I try to avoid conflict with coworkers by building alignment and listening to their concerns. I like to understand what they’re thinking and collaborate with them.

And here is a fictional specific answer:

I like to make sure we understand each other’s viewpoint when there’s conflict.

For example, I led a design to build a new thumbnail generation system at a previous company. I wrote a design document for it and presented it to the team. One teammate asked questions about how it would scale and questioned the overall approach in the document. I offered to follow-up with them offline and scheduled a 1:1.

When we discussed, they pointed out a few areas where the service could have trouble, such as if we had a batch upload or if one of our dependencies went down. I thanked them and incorporated their feedback in the design. They had some concerns about the architecture as well, so I walked them through the decision-making process and how I arrived at that conclusion. At the end, they agreed with the overall approach and we decided to move forward.

I built out the service, and I’m grateful they identified the scaling gap. We were able to handle a huge batch of images uploaded before a major sales event and the new thumbnailing system worked without issue.

In the first example, as an interviewer, I get limited feedback about how this person handles conflict. I understand how they like to handle conflict but not necessarily what they do. The second gives me a clearer picture, as well as what specific actions the candidate took to resolve the conflict.

Favor “I” over “We”

If you worked on a team project, identify your individual contributions. Specify whether you led the project or if you made significant decisions. As an interviewer, it can be hard to tell what your contributions were if it was part of a group experience.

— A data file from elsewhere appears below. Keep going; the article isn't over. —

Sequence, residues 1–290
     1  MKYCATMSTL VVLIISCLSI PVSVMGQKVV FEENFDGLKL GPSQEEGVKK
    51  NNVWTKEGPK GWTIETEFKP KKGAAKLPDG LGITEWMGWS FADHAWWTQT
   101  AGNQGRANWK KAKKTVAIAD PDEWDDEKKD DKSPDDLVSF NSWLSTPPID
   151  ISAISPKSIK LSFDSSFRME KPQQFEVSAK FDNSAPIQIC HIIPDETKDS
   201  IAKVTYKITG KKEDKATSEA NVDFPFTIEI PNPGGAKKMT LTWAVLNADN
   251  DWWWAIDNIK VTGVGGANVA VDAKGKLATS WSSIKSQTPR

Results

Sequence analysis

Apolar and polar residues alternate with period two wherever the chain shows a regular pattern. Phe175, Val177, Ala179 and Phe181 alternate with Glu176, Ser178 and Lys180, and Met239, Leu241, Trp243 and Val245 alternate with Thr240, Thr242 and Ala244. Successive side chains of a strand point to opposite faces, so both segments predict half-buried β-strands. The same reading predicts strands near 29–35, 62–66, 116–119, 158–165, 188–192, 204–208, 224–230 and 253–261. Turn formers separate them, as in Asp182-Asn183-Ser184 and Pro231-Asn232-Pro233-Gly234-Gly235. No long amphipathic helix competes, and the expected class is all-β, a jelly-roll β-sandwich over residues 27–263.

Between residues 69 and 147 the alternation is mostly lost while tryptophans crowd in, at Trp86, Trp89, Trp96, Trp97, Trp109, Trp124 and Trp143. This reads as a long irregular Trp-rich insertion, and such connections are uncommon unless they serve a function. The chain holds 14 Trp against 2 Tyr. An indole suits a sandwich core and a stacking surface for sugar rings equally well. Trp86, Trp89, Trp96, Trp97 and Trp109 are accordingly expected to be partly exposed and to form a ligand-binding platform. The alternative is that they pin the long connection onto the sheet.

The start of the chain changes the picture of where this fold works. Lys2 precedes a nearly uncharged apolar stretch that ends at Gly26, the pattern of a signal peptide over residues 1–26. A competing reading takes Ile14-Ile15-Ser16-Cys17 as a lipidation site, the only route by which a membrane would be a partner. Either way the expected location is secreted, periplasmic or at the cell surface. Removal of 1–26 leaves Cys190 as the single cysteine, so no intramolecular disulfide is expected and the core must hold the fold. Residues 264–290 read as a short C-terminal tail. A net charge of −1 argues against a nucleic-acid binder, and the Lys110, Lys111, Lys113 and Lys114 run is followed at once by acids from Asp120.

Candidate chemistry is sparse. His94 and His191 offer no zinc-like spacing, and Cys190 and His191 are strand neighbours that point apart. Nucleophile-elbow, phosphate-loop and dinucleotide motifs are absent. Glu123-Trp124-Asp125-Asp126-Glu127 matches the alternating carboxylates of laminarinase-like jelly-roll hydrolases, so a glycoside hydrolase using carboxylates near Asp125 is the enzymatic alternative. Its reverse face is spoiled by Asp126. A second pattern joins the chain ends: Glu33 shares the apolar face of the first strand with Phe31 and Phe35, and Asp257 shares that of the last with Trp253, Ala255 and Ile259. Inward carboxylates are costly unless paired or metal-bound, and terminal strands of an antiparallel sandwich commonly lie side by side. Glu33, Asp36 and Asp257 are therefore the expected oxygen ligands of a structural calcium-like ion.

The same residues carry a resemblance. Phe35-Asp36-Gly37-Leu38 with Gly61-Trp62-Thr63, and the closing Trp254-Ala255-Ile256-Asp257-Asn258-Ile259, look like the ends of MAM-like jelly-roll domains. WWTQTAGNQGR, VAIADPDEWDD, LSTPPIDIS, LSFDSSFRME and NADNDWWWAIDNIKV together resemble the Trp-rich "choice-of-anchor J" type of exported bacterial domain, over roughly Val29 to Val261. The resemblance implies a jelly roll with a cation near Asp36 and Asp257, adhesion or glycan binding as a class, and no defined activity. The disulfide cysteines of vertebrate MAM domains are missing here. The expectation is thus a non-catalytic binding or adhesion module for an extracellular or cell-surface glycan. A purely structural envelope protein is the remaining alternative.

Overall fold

Technical Interviews

  1. Ask clarifying questions before you start. Make sure you understand the problem’s scope and intent before diving in.
  2. Express your plan for solving the problem before you start writing code.
  3. When you’re stuck, start thinking about how you’d solve the problem manually using the example.
  4. If the editor has a run function, don’t click run until you’ve gone through an example and checked that the code should do what you want. Be a human computer.

Know Your Language

Practice and familiarize yourself with your chosen programming language. While you don’t need to memorize every detail, get comfortable with fundamental programming concepts, syntax, and common data structures.

As an interviewer, I don’t expect a candidate to have memorized the syntax for obscure data structures (such as Python’s heapq module), though I would expect them to be comfortable writing loops, control statements, variables, etc.


I’ll only offer hints if we’ve been stuck in one part of the exercise for a while.

Pause and consider what the interviewer might be trying to tell you. If a candidate ignores hints and continues on their existing path, that can be a concern for interviewers. Likewise, if a candidate requires more hints than normal, that could be a concern as well.

Do Mocks!

Ask a friend to do mock interviews with you. I’ve used Pramp to do mock interviews as a free option.

Once you’re done with the interview, if you’re the candidate, think about what you could do better and offer this to see if you’re aligned with the mock interviewer.

Closing Thoughts

Clearing technical interviews requires a combination of preparation, practice, and effective storytelling. By following the strategies in this post, I hope you’ll increase your chances of success.

If you’d like to read more posts about interviewing, I wrote How to Land the Right Tech Job for You and, more recently, Senior Engineer Job Search Preparation.

Good luck!